Having all those birds brings the hawks when they can’t find food elsewhere, usually coopers.
@blaineg I have at least one woodpecker that loves the corners of my roof, the part that just happens to cover the section of the house where i spend most of my time. I had to hang mylar ribbon to save what’s left of my sanity. It seems to work really well, apparently anything shiny that blows in the wind freaks them out. I’m just glad the solution was something cheap! (Or, should i say “cheep”? Ok, I’ll see myself out…)
@blaineg@ircon96 Once I was hiking in the forest land behind my place. There is a main electric distribution line that runs through it, with four main lines attached to big metal towers. As I walked by a tower, I heard a loud metallic groaning sound and my first panicked thought was “Oh crap - the tower is collapsing!” Then on closer inspection I realized the sound was a woodpecker pecking on one of the struts of the tower. It was incredibly loud and resonant.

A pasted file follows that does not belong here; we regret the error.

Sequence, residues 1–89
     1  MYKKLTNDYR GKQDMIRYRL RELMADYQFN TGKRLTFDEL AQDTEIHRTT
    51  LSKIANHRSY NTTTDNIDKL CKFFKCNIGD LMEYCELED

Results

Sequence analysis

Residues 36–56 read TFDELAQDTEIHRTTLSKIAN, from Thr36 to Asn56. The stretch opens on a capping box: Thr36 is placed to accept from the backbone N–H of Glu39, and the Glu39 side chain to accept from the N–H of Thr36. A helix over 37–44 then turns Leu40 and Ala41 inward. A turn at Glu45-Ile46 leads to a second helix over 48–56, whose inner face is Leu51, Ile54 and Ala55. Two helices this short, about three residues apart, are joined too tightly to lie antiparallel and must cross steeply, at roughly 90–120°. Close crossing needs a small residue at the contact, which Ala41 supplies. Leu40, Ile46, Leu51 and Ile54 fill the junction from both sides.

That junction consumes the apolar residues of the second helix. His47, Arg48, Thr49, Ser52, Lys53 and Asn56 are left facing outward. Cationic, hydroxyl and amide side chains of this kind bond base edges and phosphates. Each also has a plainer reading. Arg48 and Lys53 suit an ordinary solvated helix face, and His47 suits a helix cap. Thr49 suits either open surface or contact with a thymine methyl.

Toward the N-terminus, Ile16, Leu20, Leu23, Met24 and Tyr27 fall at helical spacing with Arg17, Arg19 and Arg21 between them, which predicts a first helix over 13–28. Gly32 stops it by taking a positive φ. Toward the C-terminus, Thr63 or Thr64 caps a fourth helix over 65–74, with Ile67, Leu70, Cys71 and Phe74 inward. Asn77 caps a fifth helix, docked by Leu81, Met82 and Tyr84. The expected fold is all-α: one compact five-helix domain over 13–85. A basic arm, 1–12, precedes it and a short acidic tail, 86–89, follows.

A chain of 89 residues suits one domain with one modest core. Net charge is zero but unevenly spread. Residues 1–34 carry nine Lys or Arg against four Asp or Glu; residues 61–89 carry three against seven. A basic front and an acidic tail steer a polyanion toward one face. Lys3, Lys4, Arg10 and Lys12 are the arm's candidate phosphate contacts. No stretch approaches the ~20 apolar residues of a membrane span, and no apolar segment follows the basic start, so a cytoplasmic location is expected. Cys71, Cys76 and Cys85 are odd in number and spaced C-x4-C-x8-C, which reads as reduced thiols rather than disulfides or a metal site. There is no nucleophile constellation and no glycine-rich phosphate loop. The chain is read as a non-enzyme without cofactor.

@blaineg@Kyeh@macromeh Yes! I found out they also love metal when one started drumming on a vent cap on the other side of my roof. It freaked me out at first, i thought my water heater was about to explode or something! That’s how loud it sounded in the house. Luckily, he decided to move on before too long, cuz I’m not quite sure how i would have deterred him from that particular spot!
@blaineg@ircon96@Kyeh@macromeh I can relate. My house has a floating steel roof. About five or so years ago, a pileated woodpecker seemed fixated on the roof and kept testing out spots to do some drumming. It was irritating, but he finally found a spot on an edge that made a big chunk of the roof vibrate and make a hideous creaking noise. Either it worked to impress a mate, or the sound scared even him, because he stopped after that.